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Wednesday, October 31, 2007

Iraq Moving to Block Movement and Supplies of the Kurdish PKK

On the 23rd of October it was being reported that Iraqi officials were closing down the offices of the Kurdish rebel group the Kurdistan Workers Party (PKK) to stop them from operating in Iraq.

"The PKK is a terrorist organization and we have taken a decision to shut down their offices and not allow them to operate on Iraqi soil. We will also work on limiting its terrorist activities which are threatening Iraq and Turkey," a statement from Maliki's office said.

Protesters demonstrate against a possible major cross-border operation into northern Iraq by Turkey against Kurdistan Workers Party (PKK) guerrillas, in front of the Turkish Consulate in Berlin October 27, 2007. Turkey has massed up to 100,000 troops on the frontier before a possible cross-border operation against about 3,000 PKK guerrillas, who launch deadly attacks into Turkey from Iraq. REUTERS/Pawel Kopczynski (GERMANY)

Today we see reports of further actions that Iraq is taking to avoid a Turkish incursion of Northern Iraq.

BAGHDAD - Iraq will set up more checkpoints along its northern frontier to keep out supplies for Kurdish rebels, who have been striking the Turkish military in raids across the border, the Iraqi foreign minister said Wednesday.

Hoshyar Zebari said Iraq would set up the checkpoints along with the border with heavily Kurdish southeastern Turkey to stop fuel, food and other supplies from reaching the Iraq-based Kurdistan Workers' Party, or PKK, which has killed dozens of people inside Turkey over the past month. He said they would also take other unspecified measures against the rebels.

Zebari, who is Kurdish, told reporters that Iraq would also restrict the movement of PKK fighters in order to "prevent them from reaching the populated towns and areas" inside Turkey.

The Iraqi official's comments came after he discussed the border issue with Iranian Foreign Minister Manouchehr Mottaki in Baghdad.

Turkish helicopters have begun pounding rebel hideouts in Turkey with rockets, and Turkish Prime Minister Recep Tayyip Erdogan said Wednesday that his nation would exhaust all diplomatic options before ordering a cross-border offensive.

Zebari warned that a Turkish military incursion into northern Iraq would have "serious consequences for the entire region and could undermine its stability."

He said Iraq was ready "to cooperate actively with the Turkish government to find practical measures" to prevent the attacks staged by Kurdish rebels from Iraqi territory.

These are the types of actions that need to be taken by Iraq to show solidarity with Turkey against the PKK, which is listed as a terrorist group internationally by a number of states and organizations, including the USA, NATO and the EU.

Here is a list of who has the PKK listed as a terrorist organization:

* Austria
* Australia
* Azerbaijan
* Afghanistan
* Belgium
* Bulgaria
* Canada
* Cyprus
* Czech Republic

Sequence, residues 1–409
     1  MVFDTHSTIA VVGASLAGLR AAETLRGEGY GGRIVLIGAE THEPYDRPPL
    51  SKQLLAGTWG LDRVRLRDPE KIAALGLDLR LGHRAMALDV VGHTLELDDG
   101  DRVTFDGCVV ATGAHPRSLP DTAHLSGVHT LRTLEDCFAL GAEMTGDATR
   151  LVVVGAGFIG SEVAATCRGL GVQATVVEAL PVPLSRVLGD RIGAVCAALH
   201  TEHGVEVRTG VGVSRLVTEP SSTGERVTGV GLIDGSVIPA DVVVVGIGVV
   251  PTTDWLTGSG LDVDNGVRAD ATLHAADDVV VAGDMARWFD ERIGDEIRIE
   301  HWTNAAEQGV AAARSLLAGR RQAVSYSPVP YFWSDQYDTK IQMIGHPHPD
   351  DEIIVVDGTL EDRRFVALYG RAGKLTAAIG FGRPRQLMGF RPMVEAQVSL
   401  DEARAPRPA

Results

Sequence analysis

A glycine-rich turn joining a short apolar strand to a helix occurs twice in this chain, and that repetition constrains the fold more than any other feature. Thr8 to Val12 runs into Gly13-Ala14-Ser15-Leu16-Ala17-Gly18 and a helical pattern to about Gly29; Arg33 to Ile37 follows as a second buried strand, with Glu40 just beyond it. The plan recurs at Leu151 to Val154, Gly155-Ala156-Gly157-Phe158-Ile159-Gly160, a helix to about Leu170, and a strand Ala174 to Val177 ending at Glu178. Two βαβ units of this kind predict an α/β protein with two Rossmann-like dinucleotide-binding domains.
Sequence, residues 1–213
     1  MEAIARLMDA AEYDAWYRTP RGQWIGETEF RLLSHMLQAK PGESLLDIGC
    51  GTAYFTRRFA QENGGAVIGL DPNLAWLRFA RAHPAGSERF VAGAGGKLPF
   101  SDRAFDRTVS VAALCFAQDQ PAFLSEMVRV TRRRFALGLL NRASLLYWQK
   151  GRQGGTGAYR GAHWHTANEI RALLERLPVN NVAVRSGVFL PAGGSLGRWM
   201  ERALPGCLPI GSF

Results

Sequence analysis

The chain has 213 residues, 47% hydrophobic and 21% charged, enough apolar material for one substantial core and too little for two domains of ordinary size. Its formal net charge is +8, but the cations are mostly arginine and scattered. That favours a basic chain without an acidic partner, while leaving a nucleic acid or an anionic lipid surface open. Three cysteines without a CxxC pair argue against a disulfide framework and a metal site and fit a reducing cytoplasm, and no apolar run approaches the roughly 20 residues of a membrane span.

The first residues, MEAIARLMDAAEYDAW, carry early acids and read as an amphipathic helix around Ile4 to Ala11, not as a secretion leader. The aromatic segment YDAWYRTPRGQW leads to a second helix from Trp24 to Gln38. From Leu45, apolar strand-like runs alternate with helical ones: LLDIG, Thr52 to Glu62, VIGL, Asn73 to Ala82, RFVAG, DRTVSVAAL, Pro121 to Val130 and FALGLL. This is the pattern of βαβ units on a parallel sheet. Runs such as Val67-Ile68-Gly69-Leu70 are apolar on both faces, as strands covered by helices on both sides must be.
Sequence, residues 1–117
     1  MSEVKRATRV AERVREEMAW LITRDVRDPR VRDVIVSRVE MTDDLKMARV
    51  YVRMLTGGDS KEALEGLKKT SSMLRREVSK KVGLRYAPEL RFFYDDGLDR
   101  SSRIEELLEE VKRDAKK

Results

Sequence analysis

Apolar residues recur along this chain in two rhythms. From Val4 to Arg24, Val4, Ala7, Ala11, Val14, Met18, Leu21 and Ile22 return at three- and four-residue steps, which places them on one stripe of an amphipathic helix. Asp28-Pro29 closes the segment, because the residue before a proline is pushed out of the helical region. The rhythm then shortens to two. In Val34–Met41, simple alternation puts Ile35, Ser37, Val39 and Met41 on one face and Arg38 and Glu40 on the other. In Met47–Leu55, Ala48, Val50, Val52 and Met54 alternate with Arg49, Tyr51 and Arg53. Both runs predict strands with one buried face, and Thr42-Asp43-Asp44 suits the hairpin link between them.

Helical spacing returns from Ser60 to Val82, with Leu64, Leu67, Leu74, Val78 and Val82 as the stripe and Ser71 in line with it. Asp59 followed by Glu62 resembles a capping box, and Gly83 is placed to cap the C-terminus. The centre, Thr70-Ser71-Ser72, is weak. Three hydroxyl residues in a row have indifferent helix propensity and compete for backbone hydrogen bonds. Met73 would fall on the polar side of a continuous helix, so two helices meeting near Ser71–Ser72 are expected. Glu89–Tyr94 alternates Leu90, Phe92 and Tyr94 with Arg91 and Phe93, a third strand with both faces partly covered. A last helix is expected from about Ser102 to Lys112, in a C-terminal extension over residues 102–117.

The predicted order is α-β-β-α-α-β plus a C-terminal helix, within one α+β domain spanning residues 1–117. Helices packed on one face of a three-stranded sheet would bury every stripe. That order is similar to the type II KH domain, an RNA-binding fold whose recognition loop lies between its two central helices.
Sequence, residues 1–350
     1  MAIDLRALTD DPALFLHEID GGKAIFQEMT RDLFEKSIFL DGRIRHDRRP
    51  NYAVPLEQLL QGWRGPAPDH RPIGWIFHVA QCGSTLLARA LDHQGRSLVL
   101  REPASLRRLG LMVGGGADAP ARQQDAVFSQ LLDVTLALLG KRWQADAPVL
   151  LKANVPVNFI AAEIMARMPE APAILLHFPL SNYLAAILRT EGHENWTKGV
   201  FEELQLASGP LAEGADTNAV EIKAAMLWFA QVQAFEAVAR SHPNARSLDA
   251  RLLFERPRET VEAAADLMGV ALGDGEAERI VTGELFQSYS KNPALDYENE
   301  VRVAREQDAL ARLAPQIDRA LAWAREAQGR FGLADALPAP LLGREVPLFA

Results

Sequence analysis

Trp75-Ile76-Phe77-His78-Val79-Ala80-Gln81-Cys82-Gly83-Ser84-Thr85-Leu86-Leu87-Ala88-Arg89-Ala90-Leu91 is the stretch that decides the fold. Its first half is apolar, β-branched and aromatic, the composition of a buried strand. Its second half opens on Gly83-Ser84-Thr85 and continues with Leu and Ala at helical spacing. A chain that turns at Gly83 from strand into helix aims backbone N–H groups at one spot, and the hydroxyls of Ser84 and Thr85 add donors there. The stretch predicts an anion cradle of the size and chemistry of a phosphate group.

* Denmark
* Estonia
* Finland
* France
* Germany
* Greece
* Hungary
* Iceland
* Iraq
* Ireland
* Italy
* Kazakhstan
* Latvia
* Lithuania
* Luxembourg
* Malta
* Netherlands
* Northern Cyprus
* Norway
* Philippines
* Poland
* Portugal
* Romania
* Slovakia
* Slovenia
* Spain
* Sweden
* Syria
* Turkey
* United Kingdom
* United States

We, along with Britain has been encouraging Iraq to take tangible actions against the PKK to forestall the Turkish incursion, as evidence by a phone call that was reported by VOA between the U.S, Britain and Iraqi officials back on the 23rd of this month.

The United States and Britain made a joint call late Monday for Iraq to take immediate steps to halt cross-border attacks by Iraqi-based Kurdish PKK militants into Turkey. The issue dominated a Washington meeting between Secretary of State Condoleezza Rice and British Foreign Secretary David Miliband. VOA's David Gollust reports from the State Department.

Rice and her British counterpart are welcoming statements by the Iraqi government condemning the attacks by the PKK.

But they say it is time for the government in Baghdad and the Kurdish regional authorities in northern Iraq to take tangible action to halt the PKK operations, which have raised the specter of large-scale Turkish military intervention in Iraq.

The joint appeal by Rice and Miliband capped a day of intensive diplomatic activity on the Iraq-Turkey crisis that included a telephone call by President Bush to Turkish President Abdullah Gul stressing the U.S. commitment to work with Turkey and Iraq to combat PKK attacks.

The PKK, the Kurdistan Workers Party, has long been listed by the United States as a terrorist organization. It has been fighting the Turkish government for Kurdish self-rule in southeastern Turkey for more than 20 years and has recently stepped up hit-and-run attacks against Turkish forces and civilians from mountain hideouts in northern Iraq.

Iraq has maintained that PKK militants are operating out of rugged border areas beyond the reach of its security forces, while Turkey alleges that Iraqi Kurdish authorities have turned a blind eye to PKK activities. At a joint press appearance with Rice, Foreign Secretary Miliband said Iraq's stated promises to deal with the PKK are no longer enough:

"Words are not going to be sufficient," said David Miliband. "There needs to be real deeds. The hurt and anguish of the Turkish people is real and evident to anyone who looks at the situation."

Miliband said Iraqi action is essential if the Turkish government is to be able to resist public pressure to intervene in Iraq, action that U.S. officials say could shatter the relative peace of northern Iraq and have broader security and political consequences.

This is a developing story....